All I wanted to do Wednesday afternoon was run out to grab a coffee during a long day at the gallery. Unfortunately, Madison Ave was being heavily patrolled by police, and I felt like a salmon swimming upstream toward my delicious caffeine fix. Why? Obama was in town and headed to a dinner on the Upper East Side. The highly choreographed police presence reminded me of a sophisticated, composed video AD Projects displayed last year to a very limited audience.
Becca Albee, video stills
Before our show Piles last summer, we held a dinner to thank our supporters in my old loft space and staged a small-scale solo show of works, many still in progress, by the fantastic artist Becca Albee. Becca generously lent us a variety of her works, spanning from highly personal photographs, to a communal newspaper giveaway piece, to a research project about a fugitive, to the video mentioned previously.
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I am interested in how individual collectors begin buying contemporary art. Living in New York is one huge advantage for me, due to easy access to galleries, young artists, many studio programs, art schools, and even major auction houses. However, I believe that a collector can begin in many ways, starting with figuring out what you like. In this post, I’ll explain a bit about how I got into collecting and later give what I hope can be useful resources in collecting.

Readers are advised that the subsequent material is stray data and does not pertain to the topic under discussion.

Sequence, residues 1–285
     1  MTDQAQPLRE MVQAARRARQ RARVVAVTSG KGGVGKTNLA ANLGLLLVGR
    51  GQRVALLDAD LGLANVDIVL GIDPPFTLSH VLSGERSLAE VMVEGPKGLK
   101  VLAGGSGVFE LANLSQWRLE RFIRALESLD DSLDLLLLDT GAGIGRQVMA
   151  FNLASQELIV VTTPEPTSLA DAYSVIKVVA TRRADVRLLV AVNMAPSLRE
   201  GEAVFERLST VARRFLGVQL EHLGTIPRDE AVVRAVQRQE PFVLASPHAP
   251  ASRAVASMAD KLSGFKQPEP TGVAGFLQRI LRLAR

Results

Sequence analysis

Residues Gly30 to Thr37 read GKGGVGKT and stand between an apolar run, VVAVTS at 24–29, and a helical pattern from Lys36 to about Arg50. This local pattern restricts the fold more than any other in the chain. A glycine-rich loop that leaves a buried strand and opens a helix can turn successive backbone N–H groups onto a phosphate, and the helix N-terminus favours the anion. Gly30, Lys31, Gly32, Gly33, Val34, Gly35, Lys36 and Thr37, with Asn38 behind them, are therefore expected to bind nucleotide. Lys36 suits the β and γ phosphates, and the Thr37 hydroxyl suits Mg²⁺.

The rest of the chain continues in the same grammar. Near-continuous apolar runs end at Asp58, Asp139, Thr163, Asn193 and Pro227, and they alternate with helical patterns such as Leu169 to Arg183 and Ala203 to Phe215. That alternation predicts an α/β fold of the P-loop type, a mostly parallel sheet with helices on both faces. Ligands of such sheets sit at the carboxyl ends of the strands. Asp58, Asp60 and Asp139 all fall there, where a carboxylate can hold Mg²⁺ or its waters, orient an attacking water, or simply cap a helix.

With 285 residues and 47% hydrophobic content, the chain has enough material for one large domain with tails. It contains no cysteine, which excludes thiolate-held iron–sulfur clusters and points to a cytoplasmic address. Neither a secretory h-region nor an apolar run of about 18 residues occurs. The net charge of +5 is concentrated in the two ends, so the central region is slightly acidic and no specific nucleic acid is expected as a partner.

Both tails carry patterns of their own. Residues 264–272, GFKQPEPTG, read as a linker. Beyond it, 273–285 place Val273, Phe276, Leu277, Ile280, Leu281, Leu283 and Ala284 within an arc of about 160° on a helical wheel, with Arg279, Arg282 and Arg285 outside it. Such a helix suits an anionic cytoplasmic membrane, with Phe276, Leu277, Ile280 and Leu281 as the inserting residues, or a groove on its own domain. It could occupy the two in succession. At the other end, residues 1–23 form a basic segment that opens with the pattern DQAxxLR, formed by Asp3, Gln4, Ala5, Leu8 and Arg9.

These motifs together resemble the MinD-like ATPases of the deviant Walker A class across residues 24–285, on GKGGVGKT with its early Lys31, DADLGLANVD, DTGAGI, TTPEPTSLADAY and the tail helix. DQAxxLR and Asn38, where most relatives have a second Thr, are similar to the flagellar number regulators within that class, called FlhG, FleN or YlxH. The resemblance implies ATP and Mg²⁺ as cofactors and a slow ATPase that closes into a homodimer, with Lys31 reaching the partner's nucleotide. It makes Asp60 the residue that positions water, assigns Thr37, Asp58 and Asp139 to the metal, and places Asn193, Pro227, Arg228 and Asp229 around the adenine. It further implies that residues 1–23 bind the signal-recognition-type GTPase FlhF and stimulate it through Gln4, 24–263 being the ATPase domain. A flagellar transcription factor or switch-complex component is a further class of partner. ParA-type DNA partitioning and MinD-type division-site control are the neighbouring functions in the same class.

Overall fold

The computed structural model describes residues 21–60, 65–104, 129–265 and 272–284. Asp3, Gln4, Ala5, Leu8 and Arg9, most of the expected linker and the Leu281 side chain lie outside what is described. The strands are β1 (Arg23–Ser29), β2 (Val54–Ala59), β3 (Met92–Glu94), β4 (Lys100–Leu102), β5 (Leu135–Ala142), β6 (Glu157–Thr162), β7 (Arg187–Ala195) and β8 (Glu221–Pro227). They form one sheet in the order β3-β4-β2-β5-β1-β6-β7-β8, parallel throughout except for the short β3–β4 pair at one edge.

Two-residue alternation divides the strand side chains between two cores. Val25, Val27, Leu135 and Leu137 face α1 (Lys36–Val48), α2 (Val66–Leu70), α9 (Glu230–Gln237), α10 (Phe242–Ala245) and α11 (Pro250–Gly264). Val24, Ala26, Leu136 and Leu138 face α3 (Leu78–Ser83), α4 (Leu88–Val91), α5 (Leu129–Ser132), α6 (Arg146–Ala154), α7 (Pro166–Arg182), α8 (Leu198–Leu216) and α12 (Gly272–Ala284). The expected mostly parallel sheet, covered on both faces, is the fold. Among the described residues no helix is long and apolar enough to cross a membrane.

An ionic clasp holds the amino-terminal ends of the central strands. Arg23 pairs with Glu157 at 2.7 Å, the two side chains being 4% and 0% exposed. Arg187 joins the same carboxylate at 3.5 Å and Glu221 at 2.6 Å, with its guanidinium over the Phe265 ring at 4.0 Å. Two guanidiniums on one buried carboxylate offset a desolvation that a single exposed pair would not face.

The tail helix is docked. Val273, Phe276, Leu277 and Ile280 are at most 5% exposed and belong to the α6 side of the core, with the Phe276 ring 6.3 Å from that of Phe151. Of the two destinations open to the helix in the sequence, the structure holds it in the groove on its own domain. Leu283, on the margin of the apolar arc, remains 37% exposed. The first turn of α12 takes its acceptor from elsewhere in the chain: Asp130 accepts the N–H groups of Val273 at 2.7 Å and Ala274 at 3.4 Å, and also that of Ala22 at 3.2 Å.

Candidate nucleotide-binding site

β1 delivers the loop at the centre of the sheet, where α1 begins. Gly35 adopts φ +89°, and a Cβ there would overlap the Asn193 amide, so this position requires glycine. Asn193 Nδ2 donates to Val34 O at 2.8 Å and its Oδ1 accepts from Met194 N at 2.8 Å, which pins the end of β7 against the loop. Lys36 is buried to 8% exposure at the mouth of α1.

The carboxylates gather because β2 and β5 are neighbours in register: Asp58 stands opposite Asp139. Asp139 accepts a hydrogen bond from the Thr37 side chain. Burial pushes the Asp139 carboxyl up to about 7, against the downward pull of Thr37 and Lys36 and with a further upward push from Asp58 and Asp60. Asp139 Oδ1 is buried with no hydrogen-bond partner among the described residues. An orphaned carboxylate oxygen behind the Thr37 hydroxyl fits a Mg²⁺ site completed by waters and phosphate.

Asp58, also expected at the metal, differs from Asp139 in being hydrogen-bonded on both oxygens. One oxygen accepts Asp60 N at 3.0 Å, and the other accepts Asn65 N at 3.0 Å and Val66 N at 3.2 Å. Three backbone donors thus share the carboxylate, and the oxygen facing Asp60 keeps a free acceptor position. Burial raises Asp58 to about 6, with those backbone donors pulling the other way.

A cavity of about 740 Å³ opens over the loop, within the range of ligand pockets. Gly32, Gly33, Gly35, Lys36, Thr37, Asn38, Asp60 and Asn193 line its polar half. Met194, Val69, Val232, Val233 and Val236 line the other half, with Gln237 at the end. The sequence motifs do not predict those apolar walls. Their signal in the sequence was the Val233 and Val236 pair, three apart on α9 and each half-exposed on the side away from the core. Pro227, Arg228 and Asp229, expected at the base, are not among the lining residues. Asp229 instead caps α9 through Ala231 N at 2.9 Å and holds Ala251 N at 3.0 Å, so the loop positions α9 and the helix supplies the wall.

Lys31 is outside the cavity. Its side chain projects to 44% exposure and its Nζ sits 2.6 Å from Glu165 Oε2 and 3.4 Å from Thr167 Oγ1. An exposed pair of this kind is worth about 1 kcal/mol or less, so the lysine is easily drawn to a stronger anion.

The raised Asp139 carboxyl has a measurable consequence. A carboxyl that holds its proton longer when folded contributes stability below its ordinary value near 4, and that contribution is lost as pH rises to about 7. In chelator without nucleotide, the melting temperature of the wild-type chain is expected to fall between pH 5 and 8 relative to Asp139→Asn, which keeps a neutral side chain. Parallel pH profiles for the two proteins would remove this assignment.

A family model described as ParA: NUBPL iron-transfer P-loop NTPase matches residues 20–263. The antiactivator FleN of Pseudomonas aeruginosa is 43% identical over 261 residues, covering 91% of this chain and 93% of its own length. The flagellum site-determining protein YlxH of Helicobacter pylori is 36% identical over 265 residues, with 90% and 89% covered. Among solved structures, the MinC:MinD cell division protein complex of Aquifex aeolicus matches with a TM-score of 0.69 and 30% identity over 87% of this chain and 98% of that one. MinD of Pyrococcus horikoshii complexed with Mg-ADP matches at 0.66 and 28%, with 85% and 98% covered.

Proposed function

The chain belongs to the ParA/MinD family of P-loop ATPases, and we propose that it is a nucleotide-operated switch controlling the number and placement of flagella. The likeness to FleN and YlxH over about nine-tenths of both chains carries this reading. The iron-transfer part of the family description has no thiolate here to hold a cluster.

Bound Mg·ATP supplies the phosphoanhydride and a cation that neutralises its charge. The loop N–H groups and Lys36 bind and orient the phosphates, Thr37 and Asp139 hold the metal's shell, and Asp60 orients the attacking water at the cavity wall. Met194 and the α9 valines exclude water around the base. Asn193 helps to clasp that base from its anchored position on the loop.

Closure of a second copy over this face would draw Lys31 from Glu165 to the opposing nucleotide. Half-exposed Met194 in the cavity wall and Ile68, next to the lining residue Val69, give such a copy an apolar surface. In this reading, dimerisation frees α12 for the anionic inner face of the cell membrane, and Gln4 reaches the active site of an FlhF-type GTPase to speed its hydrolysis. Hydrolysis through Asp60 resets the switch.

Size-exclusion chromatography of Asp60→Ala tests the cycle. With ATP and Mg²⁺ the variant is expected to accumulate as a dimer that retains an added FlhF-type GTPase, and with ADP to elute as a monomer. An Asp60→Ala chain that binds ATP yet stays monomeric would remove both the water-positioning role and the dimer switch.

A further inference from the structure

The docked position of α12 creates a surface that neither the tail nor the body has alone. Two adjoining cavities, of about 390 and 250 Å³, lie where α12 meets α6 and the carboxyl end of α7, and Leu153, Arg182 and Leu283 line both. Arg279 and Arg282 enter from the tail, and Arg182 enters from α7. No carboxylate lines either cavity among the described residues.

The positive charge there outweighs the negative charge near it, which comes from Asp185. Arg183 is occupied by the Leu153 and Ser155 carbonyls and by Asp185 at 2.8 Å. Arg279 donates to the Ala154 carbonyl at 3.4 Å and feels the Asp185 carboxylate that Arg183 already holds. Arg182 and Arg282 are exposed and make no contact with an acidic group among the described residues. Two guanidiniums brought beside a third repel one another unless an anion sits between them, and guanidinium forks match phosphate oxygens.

Gary Simmons, Untitled #1 (Study For Marnie's Room), 2006
Personally, I was given my first major piece of art as a birthday gift. It is this 4 panel painting by Gary Simmons entitled “Study for Marnie’s Room” and it has traveled with me to my apartment in Durham, NC, and four – count them – FOUR New York apartments. The painting shows a swooping white chandelier in chalk over red acrylic paint, inspired by Hitchcock’s 1964 film Marnie in which the title character’s mentally unstable mother swings from their chandelier. It has served as a keystone of my collection ever since, because it is both aesthetically beautiful but also seems a little out of control. Read more »